In 1920 Barson had England trials and it was whilst at Villa Park that he made his one and only international appearance for England on 15 March 1920 against Wales at Highbury. Wales won the game 2–1.
|15 March 1920||Wales||Home Championship||Highbury||1–2||Lose||21,100|
Barson was regarded as a "hard man" of English football. The Times notes that "On frequent occasions Barson was escorted out of grounds by policemen to protect him from groups of angry opposition fans." Opposing crowds loathed him, forcing Barson to publicly defend himself on the grounds that he had been "brought up to play hard and saw nothing wrong with an honest to goodness shoulder charge." One violent challenge in a match against Fulham resulted in a seven-month ban.
In May 1932 he became the player manager of Rhyl, where he remained until his contract was terminated in March 1935. Within three months he re-surfaced as the manager of Stourbridge but an offer to return to Aston Villa as youth coach in July 1935 meant he gave up the job as soon as a replacement was found. Three months after his appointment as youth coach, he became the senior coach and head trainer at Villa Park until the outbreak of the Second World War. He became the trainer at Swansea Town from June 1947 until February 1954 and he finished his career in May 1956 after previously spending almost two seasons as the trainer at Lye Town.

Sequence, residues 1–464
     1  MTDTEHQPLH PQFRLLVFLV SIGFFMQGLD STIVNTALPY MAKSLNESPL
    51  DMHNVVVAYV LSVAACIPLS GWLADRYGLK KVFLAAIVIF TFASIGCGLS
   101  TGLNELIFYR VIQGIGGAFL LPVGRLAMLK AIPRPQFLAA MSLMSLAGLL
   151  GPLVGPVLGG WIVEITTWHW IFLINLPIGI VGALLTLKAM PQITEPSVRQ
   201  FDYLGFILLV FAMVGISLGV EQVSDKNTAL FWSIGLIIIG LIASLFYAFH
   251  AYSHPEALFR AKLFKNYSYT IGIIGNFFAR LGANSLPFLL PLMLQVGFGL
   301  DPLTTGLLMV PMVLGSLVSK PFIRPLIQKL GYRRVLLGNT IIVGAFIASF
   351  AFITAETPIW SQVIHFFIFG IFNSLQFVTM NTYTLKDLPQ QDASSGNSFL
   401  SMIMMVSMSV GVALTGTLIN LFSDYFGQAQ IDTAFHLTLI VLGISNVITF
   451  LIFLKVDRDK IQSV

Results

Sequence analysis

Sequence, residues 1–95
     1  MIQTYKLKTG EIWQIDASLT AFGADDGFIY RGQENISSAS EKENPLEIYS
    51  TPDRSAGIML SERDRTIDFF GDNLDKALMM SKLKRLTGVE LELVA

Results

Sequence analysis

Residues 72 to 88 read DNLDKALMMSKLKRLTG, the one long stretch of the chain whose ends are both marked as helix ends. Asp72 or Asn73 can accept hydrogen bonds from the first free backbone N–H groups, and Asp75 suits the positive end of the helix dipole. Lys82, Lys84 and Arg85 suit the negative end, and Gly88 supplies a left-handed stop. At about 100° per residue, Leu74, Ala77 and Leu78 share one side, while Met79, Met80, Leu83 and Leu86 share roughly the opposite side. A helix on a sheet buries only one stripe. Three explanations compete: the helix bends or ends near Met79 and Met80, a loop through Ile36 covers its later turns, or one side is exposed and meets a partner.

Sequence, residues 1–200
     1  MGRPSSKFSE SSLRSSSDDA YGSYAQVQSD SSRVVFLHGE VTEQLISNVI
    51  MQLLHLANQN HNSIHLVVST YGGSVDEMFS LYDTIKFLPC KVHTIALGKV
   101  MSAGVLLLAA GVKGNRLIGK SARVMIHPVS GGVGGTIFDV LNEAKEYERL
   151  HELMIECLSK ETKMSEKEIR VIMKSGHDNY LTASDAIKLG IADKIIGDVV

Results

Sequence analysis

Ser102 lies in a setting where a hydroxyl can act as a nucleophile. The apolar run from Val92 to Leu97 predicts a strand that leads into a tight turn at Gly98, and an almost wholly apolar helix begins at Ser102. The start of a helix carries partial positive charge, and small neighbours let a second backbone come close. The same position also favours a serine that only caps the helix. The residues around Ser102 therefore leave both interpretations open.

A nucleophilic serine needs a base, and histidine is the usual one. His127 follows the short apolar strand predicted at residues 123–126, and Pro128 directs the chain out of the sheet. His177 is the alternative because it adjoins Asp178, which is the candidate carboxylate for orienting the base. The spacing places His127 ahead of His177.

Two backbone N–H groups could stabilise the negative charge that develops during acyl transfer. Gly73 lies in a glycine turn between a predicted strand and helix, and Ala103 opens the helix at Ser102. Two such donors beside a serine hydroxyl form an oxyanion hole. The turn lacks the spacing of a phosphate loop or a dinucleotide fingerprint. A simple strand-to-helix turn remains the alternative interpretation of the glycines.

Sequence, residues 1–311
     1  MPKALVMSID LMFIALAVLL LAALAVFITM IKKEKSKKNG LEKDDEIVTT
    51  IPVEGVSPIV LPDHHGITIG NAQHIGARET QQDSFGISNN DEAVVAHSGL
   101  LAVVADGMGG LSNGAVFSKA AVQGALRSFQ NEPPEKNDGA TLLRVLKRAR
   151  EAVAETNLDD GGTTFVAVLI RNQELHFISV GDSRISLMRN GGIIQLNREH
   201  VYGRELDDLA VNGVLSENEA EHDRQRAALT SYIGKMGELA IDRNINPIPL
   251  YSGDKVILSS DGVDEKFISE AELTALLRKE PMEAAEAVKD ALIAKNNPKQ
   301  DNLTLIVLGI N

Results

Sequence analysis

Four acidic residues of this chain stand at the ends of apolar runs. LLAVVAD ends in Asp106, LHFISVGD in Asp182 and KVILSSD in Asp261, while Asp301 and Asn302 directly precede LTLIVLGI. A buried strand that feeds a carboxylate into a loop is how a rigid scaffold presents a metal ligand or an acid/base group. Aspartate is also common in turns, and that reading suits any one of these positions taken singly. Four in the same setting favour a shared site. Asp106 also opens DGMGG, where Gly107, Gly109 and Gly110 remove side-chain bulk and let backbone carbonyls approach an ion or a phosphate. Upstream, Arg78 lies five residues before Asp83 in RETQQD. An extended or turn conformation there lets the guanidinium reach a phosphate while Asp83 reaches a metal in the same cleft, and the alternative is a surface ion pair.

|“||Perhaps the greatest of all the great characters in my album – he played with and against me – was the one and only Frank Barson. Frank was a Sheffielder, a truly great footballer and personality and a card. He was never ashamed of numbering amongst his friends the notorious Fowler brothers, who were hanged for murder.||”|
|— Billy Walker|
- Aston Villa
Before becoming a full-time footballer, Barson was an iron hoop maker. He was married to Frances Evelyn Betton in 1915, and died on 13 September 1968 at Winson Green, Birmingham, at the age of 77.
- "Frank Barson". Aston Villa Player Database. 2007. Retrieved 10 August 2007.
- Barnes, Justyn; Bostock, Adam; Butler, Cliff; Ferguson, Jim; Meek, David; Mitten, Andy; Pilger, Sam; Taylor, Frank OBE; Tyrrell, Tom (2001). The Official Manchester United Illustrated Encyclopedia. London: Manchester United Books. p. 63. ISBN 0-233-99964-7.
- "Soccer legend's medal for sale". The star. 2007. Retrieved 10 August 2007.
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<ref>tag; name "times" defined multiple times with different content (see the help page).
- Woodhall, Dave (2007). "The hardest man in history". Heroes and villains. Archived from the original on 11 July 2007. Retrieved 10 August 2007.
- "Frank Barson". ye olde tree and crown. 2007. Retrieved 10 August 2007.
- Spink, Derrick (4 August 2010; originally published August 1990). "Villa History – Murder Most Foul". www.heroesandvillains.net. Retrieved 3 November 2011. Check date values in:
- "Manchester United History". Manutd.com. 2007. Retrieved 10 August 2007.
- "Man United's history". Redcafe. 2007. Archived from the original on 27 September 2007. Retrieved 10 August 2007.
- Phillips, Oliver (1992). History of Watford FC 1881–1991. Great Britain: Watford Football Club. ISBN 0-9509601-6-0.
- "Wigan Borough Page". Wigan Borough. 2007. Archived from the original on 10 June 2008. Retrieved 10 August 2007.
- "Frank Barson International career". Englandfanzine. 2007.
|Manchester United captain